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Training and Union Wages

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  • Christian Dustmann

    (Department of Economics, University College London)

  • Uta Schönberg

    (Department of Economics, University College London and Institute for Employment Research (IAB), Nuremberg)

Abstract

This paper investigates whether unions, through imposing wage floors that lead to wage compression, increase on-the-job training. Our analysis focuses on Germany. Based on a model of unions and firm-financed training, we derive empirical implications regarding apprenticeship training intensity, layoffs, wage cuts, and wage compression in unionized and nonunionized firms. We test these implications using firm panel data matched with administrative employee data. We find support for the hypothesis that union recognition, via imposing minimum wages and wage compression, increases training in apprenticeship programs. Copyright by the President and Fellows of Harvard College and the Massachusetts Institute of Technology.

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File URL: http://www.mitpressjournals.org/doi/pdf/10.1162/rest.91.2.363
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Bibliographic Info

Article provided by MIT Press in its journal The Review of Economics and Statistics.

Volume (Year): 91 (2009)
Issue (Month): 2 (May)
Pages: 363-376

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Handle: RePEc:tpr:restat:v:91:y:2009:i:2:p:363-376

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  1. Daron Acemoglu & Jorn-Steffen Pischke, 1999. "Minimum Wages and On-the-job Training," NBER Working Papers 7184, National Bureau of Economic Research, Inc.
  2. Acemoglu, Daron & Pischke, Jörn-Steffen, 1998. "The Structure of Wages and Investment in General Training," CEPR Discussion Papers 1833, C.E.P.R. Discussion Papers.
  3. Alison L. Booth & Marco Francesconi & Gylfi Zoega, 2003. "Unions, work-related training, and wages: Evidence for British men," Industrial and Labor Relations Review, ILR Review, Cornell University, ILR School, vol. 57(1), pages 68-91, October.
  4. David Soskice, 1994. "Reconciling Markets and Institutions: The German Apprenticeship System," NBER Chapters, in: Training and the Private Sector, pages 25-60 National Bureau of Economic Research, Inc.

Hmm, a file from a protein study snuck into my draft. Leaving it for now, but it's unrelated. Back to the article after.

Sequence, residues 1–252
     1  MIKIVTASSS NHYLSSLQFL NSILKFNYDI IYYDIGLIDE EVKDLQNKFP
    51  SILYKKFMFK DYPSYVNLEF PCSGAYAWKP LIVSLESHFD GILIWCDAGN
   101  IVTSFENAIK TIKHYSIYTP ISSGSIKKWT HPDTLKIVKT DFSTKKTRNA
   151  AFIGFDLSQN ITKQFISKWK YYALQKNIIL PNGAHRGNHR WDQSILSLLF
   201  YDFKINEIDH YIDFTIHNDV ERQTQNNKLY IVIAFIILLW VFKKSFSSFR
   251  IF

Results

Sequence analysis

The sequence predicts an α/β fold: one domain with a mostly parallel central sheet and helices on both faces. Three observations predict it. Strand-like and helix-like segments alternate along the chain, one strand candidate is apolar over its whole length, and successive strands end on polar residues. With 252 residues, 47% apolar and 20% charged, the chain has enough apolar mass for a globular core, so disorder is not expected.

5. Robert Gibbons & Lawrence Katz, 1989. "Layoffs and Lemons," Working Papers 629, Princeton University, Department of Economics, Industrial Relations Section..
  6. Daron Acemoglu & Jorn-Steffen Pischke, 1996. "Why Do Firms Train? Theory and Evidence," NBER Working Papers 5605, National Bureau of Economic Research, Inc.
  7. Schnabel, Claus & Wagner, Joachim, 2003. "Trade union membership in Eastern and Western Germany: convergence or divergence?," Discussion Papers 18, Friedrich-Alexander-University Erlangen-Nuremberg, Chair of Labour and Regional Economics.
  8. Neumark, David & Wascher, William, 2001. "Minimum Wages and Training Revisited," Journal of Labor Economics, University of Chicago Press, vol. 19(3), pages 563-95, July.
  9. F Green & Stephen Machin & D Wilkinson, 1996. "Trade Unions and Training Practices in British Workplaces," CEP Discussion Papers dp0278, Centre for Economic Performance, LSE.
  10. Daron Acemoglu & Joern-Steffen Pischke, 1998. "Beyond Becker: Training in Imperfect Labor Markets," Working papers 98-12, Massachusetts Institute of Technology (MIT), Department of Economics.
  11. Arulampalam, Wiji & Alison L Booth & Mark L Bryan, 2003. "Work-related Training and the New National Minimum Wage in Britain," Royal Economic Society Annual Conference 2003 9, Royal Economic Society.
  12. David H. Autor, 2001. "Why Do Temporary Help Firms Provide Free General Skills Training?," The Quarterly Journal of Economics, MIT Press, vol. 116(4), pages 1409-1448, November.
  13. Adam J. Grossberg & Paul Sicilian, 1999. "Minimum Wages, On-the-Job Training, and Wage Growth," Southern Economic Journal, Southern Economic Association, vol. 65(3), pages 539-556, January.
  14. Joseph G. Altonji & James R. Spletzer, 1991. "Worker characteristics, job characteristics, and the receipt of on-the-job training," Industrial and Labor Relations Review, ILR Review, Cornell University, ILR School, vol. 45(1), pages 58-79, October.
  15. Hashimoto, Masanori, 1982. "Minimum Wage Effects on Training on the Job," American Economic Review, American Economic Association, vol. 72(5), pages 1070-87, December.
  16. Booth, Alison L. & Francesconi, Marco & Zoega, Gylfi, 2002. "Oligopsony, Institutions and the Efficiency of General Training," IZA Discussion Papers 618, Institute for the Study of Labor (IZA).
  17. Booth, Alison L & Chatterji, Monojit, 1998. "Unions and Efficient Training," Economic Journal, Royal Economic Society, vol. 108(447), pages 328-43, March.
  18. Stevens, Margaret, 1994. "A Theoretical Model of On-the-Job Training with Imperfect Competition," Oxford Economic Papers, Oxford University Press, vol. 46(4), pages 537-62, October.
  19. Arulampalam, Wiji & Booth, Alison L. & Bryan, Mark L., 2003. "Work-related training and the new National Minimum Wage in Britain -ISER Working Paper-," ISER Working Paper Series 2003-05, Institute for Social and Economic Research.
  20. Malcomson, James M, 1983. "Trade Unions and Economic Efficiency," Economic Journal, Royal Economic Society, vol. 93(369a), pages 51-65, Supplemen.
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